15th Week of Ordinary Time

“The Parable of the Sower” is the title given in the Bible I use (The New Revised Standard Version – Catholic Edition, NRSV).

The Gospel ( Matt 13: 1 – 23) also includes the purpose of parables, and the parable of the Sower explained.

Consequently, our attention is captured by the diversity of ground the seed falls on, and as a result which part of me is rocky, shallow, full of thorns and the like. What has happened is that I have become the focus of attention!

I suggest reading verses 1 – 9 because the story’s focus is now on the Sower.

The illustration “Sower at Sunset”, 1888 is kept in the Kröller-Müller Museum in Otterlo, Netherlands.

The Dutch Post-Impressionist painter, Vincent Van Gogh (1853 – 1890), was particularly interested in Sowers throughout his artistic career.

He made more than 30 drawings and paintings on this theme, and my focus is the painting “The Sower at Sunset”.

This painting was completed by Van Gogh in 1888 in Arles, Provence, during his somewhat intense and turbulent friendship with the French artist Paul Gauguin in the Yellow House.

The Yellow House also features in Van Gogh’s paintings.

The picture shows, somewhat obviously, a person out in a field scattering seeds.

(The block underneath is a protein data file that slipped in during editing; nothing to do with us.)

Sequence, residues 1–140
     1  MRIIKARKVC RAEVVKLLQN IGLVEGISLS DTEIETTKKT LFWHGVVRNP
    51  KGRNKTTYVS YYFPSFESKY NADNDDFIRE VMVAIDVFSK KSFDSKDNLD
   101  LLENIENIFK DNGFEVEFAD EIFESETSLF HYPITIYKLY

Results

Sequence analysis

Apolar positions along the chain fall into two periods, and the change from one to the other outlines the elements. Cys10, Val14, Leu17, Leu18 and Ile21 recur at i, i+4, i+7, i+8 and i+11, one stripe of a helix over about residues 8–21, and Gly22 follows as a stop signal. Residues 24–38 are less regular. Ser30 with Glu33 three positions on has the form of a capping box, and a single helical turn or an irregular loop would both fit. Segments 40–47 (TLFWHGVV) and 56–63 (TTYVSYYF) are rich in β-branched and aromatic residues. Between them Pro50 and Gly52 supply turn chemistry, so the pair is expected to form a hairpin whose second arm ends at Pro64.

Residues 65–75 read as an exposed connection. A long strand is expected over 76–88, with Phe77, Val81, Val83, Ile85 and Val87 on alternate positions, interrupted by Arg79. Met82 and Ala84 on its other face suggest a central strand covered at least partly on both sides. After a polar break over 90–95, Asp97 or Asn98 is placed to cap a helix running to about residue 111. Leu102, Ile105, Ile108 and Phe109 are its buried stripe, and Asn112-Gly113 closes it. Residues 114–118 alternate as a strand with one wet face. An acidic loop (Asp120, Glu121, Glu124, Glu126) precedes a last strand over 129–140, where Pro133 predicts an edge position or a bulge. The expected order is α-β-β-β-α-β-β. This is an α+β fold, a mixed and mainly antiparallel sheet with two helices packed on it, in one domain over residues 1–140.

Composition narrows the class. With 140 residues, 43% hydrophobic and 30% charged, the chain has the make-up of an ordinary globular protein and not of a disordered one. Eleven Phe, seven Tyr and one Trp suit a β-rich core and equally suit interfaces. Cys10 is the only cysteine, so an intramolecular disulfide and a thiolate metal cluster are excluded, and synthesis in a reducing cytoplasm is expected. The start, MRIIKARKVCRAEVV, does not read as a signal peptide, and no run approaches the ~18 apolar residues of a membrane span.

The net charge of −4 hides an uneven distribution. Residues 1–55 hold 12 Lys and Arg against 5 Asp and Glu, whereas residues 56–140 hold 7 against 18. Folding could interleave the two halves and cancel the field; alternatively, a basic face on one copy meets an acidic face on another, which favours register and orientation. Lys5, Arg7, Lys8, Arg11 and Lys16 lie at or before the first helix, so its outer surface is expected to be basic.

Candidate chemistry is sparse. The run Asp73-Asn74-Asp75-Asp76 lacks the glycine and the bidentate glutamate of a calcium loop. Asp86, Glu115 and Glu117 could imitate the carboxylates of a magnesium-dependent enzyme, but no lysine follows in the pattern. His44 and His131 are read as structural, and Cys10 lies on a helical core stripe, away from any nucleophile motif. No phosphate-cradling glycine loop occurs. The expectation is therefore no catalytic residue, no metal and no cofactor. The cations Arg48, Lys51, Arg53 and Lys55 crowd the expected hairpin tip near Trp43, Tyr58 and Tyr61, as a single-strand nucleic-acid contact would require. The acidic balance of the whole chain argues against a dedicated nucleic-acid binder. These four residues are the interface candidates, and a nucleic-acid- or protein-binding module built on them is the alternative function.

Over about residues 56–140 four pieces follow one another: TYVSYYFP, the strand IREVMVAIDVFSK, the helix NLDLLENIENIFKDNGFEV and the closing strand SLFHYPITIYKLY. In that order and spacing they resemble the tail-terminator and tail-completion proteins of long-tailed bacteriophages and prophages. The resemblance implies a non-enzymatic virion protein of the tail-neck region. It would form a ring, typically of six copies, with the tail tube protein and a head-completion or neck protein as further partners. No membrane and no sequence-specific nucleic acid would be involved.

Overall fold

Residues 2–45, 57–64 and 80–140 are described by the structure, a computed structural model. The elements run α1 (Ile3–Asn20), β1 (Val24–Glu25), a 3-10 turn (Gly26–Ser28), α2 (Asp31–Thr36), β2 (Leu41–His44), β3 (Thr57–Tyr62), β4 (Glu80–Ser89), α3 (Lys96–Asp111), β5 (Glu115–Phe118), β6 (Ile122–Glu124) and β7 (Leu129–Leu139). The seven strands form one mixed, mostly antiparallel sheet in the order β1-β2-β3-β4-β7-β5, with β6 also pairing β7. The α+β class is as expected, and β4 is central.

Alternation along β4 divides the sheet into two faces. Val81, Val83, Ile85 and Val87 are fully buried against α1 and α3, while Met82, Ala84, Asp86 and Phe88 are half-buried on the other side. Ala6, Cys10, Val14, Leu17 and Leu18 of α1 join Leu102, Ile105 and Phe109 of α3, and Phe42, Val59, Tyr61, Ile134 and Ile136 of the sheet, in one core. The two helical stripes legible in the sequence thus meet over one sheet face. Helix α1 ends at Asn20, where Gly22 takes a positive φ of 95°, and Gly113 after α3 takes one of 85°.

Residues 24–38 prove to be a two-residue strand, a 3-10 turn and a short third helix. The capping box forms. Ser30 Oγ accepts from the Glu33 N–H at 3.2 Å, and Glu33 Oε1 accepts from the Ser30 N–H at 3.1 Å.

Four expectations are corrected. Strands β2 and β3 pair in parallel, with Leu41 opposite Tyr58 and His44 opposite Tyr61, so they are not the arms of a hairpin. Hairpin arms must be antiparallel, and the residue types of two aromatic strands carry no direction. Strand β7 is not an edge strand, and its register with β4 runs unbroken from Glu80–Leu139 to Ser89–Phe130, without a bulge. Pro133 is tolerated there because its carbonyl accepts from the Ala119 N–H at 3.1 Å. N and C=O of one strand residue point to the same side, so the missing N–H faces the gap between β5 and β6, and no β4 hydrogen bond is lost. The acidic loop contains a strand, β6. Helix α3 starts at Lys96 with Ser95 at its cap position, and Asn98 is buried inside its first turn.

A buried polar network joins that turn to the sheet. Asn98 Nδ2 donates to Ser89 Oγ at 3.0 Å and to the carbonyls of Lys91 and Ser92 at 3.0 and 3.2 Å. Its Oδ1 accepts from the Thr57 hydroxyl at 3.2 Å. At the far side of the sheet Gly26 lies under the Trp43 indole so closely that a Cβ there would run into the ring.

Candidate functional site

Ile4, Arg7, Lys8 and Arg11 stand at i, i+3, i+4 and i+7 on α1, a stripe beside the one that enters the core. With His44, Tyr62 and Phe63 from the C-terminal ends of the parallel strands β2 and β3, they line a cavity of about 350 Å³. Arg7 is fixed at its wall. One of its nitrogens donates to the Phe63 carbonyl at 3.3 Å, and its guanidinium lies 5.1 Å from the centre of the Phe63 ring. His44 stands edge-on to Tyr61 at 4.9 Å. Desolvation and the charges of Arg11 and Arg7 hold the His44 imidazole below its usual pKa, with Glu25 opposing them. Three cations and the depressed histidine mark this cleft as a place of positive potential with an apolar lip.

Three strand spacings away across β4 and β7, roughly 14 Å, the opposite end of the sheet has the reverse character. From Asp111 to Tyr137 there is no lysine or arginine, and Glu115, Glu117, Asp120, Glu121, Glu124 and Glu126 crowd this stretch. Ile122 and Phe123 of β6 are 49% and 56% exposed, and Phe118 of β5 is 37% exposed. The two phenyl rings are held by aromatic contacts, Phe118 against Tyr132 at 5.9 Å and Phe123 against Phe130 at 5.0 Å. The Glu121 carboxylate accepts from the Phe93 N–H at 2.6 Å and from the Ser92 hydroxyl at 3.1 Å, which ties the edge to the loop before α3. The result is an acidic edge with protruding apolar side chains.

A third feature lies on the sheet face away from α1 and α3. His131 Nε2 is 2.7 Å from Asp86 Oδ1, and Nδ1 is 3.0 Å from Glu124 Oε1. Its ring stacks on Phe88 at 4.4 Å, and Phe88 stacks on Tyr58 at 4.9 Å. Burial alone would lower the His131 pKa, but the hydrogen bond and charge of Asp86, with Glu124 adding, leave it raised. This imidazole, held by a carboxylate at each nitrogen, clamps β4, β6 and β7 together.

When I look at the action of the person sowing, the word “indiscriminate” comes to mind.

I picture the flow of the hand and arm from the seed bag to the ground – backwards and forwards, the seed is flung, which is the intention of the one sowing.

Freely and with gay abandon, the seed is spread.

The striking aspect of this painting is that the ripe corn can still be seen behind the Sower, who sows the cultivated land with a broad arm gesture.

However, the Sower is not walking among the fertility of what has been sown ( and grown); instead, the Sower is walking on the cultivated soil – the what might be – and indeed, the Sower and the ploughed land share the same colour.

Principally, the question I am left with for reflecting is might I find my God more in what is to come; the ploughed field, rather than in what has been; the fertile field of corn?